Hamilton claims only reason two laps were completed after near-three-hour delay was because that fulfils requirement for a 'race' and half points; FIA and F1 defend decisions and say a potential break in the weather was identified before conditions worsened again
Monday 30 August 2021 14:52, UK
Lewis Hamilton criticised the decision to complete two laps of the Belgian GP behind the Safety Car before finally calling the race off, claiming "money talks" and saying that he wanted to see the fans who attended the circuit on Sunday refunded.
But FIA race director Michael Masi has said there was a belief that the race could start, while F1 president Stefano Domenicali insisted there was no commercial element to the decisions made.
On an unprecedented day for the sport amid relentless rain at the Spa-Francorchamps circuit, FIA Race Control attempted to start the race twice either side of a near-three-hour delay.
Hamilton took issue with the second attempt to start the race.
Two full laps were completed behind the Safety Car before the red flag was thrown again, with those laps sufficient to satisfy the requirement in the regulations to award half points to the top-10 finishers.
With no actual racing taking place, Hamilton was classified in the order he qualified, third, with Red Bull title rival Max Verstappen winning the race after taking pole on Saturday.
"I mean, money talks," said Hamilton told Sky Sports F1. "It was literally the two laps to start the race, it's all a money scenario.
"So everyone gets their money and I think the fans should get theirs back too because unfortunately, they didn't get to see what they came and paid for.
"It's a shame we can't do the race tomorrow and I love this track as well, so sad that we couldn't do this. But today wasn't a race."
Hamilton added: "I think the sport made a bad choice today."
In a later post on his Instagram story, the seven-time world champion went further by saying "today was a farce" and that "we should have just called it quits".
Hamilton wrote: "Of course you can't do anything about the weather but we have sophisticated equipment to tell us what's going on and it was clear the weather wasn't going to let up. We were sent out for one reason and one reason only.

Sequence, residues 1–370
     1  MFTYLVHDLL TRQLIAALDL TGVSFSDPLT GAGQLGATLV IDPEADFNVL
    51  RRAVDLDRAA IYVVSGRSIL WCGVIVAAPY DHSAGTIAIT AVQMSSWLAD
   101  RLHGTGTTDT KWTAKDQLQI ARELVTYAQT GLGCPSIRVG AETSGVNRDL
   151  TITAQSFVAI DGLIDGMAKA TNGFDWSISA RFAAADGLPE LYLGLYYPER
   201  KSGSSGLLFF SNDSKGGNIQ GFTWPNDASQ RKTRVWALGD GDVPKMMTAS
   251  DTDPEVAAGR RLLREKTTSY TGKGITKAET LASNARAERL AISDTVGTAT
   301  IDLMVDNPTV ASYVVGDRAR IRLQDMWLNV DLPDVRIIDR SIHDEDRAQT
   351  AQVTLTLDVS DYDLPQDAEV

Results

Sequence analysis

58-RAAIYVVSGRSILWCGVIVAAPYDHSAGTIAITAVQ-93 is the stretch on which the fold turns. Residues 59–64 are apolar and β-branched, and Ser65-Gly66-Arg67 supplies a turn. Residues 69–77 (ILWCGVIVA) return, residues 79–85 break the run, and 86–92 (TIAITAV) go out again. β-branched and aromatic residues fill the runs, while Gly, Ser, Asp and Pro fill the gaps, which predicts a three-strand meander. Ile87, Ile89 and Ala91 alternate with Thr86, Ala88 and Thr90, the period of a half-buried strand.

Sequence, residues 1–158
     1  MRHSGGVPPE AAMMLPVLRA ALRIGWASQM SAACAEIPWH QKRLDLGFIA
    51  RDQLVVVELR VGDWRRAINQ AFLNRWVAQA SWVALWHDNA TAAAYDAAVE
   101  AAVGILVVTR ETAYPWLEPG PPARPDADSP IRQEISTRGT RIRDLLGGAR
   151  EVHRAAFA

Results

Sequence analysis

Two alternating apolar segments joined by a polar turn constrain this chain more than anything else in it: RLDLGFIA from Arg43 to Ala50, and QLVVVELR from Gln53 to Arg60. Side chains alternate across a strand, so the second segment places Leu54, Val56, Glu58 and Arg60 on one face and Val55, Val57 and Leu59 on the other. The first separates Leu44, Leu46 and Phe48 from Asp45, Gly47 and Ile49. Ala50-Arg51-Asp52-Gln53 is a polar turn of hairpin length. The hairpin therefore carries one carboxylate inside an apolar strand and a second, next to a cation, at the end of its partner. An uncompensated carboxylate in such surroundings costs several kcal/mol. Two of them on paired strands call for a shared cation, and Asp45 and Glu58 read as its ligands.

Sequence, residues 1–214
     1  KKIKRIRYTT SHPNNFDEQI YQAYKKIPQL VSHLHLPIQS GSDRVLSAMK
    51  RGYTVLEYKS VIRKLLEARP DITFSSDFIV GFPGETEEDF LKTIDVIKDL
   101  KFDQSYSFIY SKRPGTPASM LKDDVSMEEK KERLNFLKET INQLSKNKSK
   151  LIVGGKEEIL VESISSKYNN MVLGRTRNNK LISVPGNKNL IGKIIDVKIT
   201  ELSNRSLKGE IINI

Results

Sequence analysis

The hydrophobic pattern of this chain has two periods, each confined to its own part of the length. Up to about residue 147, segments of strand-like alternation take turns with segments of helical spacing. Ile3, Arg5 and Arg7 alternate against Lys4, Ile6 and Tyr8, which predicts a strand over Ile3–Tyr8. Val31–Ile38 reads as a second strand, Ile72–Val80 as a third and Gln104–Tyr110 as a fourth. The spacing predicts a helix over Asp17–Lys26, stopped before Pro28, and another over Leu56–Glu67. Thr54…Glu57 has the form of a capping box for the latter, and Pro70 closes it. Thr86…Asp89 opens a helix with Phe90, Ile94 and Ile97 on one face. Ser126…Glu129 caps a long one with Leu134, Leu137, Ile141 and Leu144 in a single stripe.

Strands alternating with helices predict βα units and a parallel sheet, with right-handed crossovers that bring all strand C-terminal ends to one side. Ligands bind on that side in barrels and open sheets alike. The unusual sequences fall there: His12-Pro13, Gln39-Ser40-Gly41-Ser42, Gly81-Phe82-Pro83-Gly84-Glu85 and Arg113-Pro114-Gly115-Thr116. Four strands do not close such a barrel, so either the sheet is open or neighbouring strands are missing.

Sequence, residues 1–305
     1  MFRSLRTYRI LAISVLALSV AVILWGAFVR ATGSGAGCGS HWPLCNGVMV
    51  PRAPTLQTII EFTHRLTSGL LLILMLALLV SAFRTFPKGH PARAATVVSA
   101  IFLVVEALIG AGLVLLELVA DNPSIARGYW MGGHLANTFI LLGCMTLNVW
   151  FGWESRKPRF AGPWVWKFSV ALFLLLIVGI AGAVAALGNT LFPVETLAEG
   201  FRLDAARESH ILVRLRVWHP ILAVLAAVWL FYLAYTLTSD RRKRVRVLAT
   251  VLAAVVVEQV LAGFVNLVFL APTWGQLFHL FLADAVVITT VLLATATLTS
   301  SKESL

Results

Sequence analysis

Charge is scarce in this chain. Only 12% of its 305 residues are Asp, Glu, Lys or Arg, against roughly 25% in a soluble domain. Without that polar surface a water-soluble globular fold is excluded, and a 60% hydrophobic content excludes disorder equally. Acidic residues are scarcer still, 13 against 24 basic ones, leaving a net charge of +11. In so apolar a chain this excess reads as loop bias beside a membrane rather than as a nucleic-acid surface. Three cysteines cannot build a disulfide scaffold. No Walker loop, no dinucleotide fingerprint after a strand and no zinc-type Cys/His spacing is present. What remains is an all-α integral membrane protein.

"Two laps behind a safety car where there is no possibility to gain or lose a place or provide entertainment to fans isn't racing. We should have just called it quits, not risked the drivers and most importantly refunded the fans who are the heart of our sport."
Speaking to Sky Sports F1, FIA race director Masi said that their weather data indicated there was potential for improvement in the conditions.
"We are in constant contact with our official weather provider and there was a window it looked like it was provided there," said FIA race director Michael Masi to Sky F1.
"We have got the requirement to give a 10-minute warning to everyone so it was like 'OK, let's try to see if we can find that window'.
"A number of the teams have said the same thing, they saw that window and could see exactly what we were trying to do. Then the weather came in and got the better of us again."
F1 president Stefano Domenicali backed Race Control's decision-making and said that there was no commercial element in the call to return to the track.
"There was really the will to do the race," he said. "But the problem is that the weather started to be even worse and with the comments that the race control was receiving it was really wrong to keep on doing that because it was clear after that unfortunately after that gap potential the weather wouldn't improve. So that was the reason behind that.
"So it's not really commercial on that, I can guarantee you."
Asked if there were any plans to compensate the fans who spent hours in the rain without seeing any F1 racing, Domenicali added: "We do care about our fans and this is very important. This is something we will discuss accordingly with the organisers. Fans are a priority and these fans showed that Formula 1 is very important. We will take care about this."
Meanwhile, the FIA race director insisted that there was no option to run the race a day later. F1 heads to the Netherlands for the Dutch GP at Zandvoort this coming week.
"There is no ability to postpone the race until tomorrow," said Masi.
"The list would be pages long [why it cannot be moved] between organisers, everyone here, all of us. There is no ability to postpone to the following day."
He added: "Obviously from the FIA perspective, and jointly with Formula 1, safety is paramount for drivers, the teams and all of the spectators. We gave every available opportunity within the rulebook, within the provisions of the International Sporting Code, to give us the best opportunity to be able to complete a race. Unfortunately on this occasion we could not go the full distance that was available.
"But with the provisions in the ISC to stop the clock that was what we tried to do to see if we could get ourselves in that weather window of some activity."The list would be pages long [why it cannot be moved] between organisers, everyone here, all of us, there is no ability to postpone to the following day."